In the meantime, pork shoulder butts that were routinely selling for $1.29 – $1.69 per pound last year in the Midwest are currently selling for $2.59…if you can get it. We really shouldn’t let foreign interests have anything to do with our food supply process.

REUTERS: Smithfield Foods, the world’s largest pork processor, has stopped slaughtering pigs in the United States’ so-called ham capital, where the company was founded 85 years ago.

The end of slaughtering in Smithfield, Virginia, is the latest reconfiguration for the company’s namesake plant and follows a months-long internal review of its East Coast operations, Smithfield Foods said in a statement.

The company, owned by Hong Kong-listed WH Group (0288.HK), is shifting slaughtering to some of its 47 other U.S. facilities and spending $5 million to upgrade the Virginia plant to produce more packaged bacon, ham, and other pork products, said Keira Lombardo, chief administrative officer.

Smithfield, Virginia, is a tourist destination based on its history as Smithfield Foods’ hometown and boasts a museum featuring the world’s oldest ham.

The company retooled the plant in 2019 to ship hog carcasses to China, the world’s top pork consumer, and again last year to supply more pork to U.S. customers during the COVID-19 pandemic.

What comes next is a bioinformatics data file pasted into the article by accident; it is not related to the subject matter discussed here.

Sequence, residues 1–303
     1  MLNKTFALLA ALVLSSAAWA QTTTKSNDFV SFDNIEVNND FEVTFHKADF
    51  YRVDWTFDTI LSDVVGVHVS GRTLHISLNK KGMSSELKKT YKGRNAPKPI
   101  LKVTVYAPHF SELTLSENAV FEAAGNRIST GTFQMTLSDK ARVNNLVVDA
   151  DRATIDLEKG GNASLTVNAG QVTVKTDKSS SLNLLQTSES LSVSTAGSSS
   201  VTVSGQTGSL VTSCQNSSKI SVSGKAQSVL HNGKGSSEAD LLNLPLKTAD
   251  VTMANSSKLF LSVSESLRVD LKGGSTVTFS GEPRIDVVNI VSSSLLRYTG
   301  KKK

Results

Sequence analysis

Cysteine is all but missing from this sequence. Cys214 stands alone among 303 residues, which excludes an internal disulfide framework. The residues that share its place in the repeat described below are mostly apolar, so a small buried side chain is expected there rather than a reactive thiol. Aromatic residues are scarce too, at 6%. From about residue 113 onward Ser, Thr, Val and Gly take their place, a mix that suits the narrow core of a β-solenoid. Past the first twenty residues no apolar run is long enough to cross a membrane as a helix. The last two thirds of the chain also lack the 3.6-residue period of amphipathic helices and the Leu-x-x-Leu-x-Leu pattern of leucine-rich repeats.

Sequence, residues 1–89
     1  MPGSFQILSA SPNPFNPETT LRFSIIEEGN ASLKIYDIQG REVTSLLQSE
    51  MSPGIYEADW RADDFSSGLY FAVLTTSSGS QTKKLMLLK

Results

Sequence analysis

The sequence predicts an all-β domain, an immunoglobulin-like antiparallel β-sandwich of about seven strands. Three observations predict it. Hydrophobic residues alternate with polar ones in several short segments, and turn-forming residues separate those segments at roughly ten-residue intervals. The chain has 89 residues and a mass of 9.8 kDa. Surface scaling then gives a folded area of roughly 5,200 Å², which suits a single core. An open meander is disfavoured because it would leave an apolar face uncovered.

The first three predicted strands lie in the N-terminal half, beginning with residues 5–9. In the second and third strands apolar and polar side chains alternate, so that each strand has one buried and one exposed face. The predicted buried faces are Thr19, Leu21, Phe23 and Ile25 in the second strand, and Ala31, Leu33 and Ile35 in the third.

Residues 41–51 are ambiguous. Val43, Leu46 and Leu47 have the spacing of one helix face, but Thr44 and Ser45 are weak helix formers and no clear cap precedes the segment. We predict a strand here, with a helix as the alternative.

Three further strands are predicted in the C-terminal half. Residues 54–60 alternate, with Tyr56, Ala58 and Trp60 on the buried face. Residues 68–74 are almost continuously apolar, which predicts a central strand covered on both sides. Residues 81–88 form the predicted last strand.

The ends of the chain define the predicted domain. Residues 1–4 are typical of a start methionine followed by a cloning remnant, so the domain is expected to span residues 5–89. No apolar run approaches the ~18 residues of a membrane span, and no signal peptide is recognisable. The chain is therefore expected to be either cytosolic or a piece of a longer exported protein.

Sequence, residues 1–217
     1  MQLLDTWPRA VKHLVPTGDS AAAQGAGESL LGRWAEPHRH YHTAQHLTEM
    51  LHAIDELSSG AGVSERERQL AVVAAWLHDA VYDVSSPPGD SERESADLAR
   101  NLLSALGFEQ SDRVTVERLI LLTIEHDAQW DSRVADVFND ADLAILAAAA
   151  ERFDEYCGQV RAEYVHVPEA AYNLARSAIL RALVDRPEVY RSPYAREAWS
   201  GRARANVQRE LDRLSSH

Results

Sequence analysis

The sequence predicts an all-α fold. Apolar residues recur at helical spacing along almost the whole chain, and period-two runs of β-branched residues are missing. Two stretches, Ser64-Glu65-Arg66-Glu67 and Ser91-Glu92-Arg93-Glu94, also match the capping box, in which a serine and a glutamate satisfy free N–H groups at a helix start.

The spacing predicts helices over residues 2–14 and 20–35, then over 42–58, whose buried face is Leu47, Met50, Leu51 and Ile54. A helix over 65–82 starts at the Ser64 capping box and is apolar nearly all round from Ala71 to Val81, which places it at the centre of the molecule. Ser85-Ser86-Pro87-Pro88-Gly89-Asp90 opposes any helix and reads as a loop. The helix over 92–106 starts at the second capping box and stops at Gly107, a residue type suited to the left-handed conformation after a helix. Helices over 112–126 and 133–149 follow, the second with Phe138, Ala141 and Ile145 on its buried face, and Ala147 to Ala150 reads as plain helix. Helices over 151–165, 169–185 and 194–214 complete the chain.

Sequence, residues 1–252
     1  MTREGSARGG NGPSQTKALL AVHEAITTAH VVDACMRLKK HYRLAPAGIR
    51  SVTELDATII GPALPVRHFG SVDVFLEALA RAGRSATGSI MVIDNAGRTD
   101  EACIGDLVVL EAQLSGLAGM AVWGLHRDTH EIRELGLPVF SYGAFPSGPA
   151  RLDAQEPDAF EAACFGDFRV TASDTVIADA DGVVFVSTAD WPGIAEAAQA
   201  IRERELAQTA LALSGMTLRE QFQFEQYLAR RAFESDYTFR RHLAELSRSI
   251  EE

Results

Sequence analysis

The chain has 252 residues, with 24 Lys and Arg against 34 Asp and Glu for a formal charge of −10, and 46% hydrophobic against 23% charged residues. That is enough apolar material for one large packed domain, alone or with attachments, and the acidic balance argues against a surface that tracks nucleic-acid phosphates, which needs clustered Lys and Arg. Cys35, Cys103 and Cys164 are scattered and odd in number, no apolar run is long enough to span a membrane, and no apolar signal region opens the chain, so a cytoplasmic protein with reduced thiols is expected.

Meanwhile in VA hog farmers were literally giving away their livestock as they had few if any avenues of resale. The day one can individually purchase, or simply pick up, a fully raised hog for free or fraction of cost was a smack in the face to many farmers. Farmers could simply not bear the cost of keeping these livestock.

U.S. meat companies came under scrutiny during the pandemic as plant workers got sick and died, and slaughterhouse shutdowns highlighted supply-chain vulnerabilities.

Smithfield’s facility has the capacity to kill about 10,000 hogs a day but has been slaughtering roughly 7,000 to 7,500 hogs daily, said Steve Meyer, economist for consultancy Partners for Production Agriculture. He said there are fewer hogs along the eastern seaboard after farms closed.

“Taking that plant out probably doesn’t have much of an impact,” Meyer said. “It leaves us snug as a country as far as hog supply versus capacity this fall.”

One East Coast hog supplier, Maxwell Foods, said last year it would close and filed a breach of contract lawsuit against Smithfield Foods.

Smithfield Foods, which named a new chief executive on Friday, will reassign some of the Virginia plant’s 1,900 employees within the facility and a small number will have positions available at other locations, according to the company.

Reporting by Tom Polansek; Editing by Cynthia Osterman and Karishma Singh

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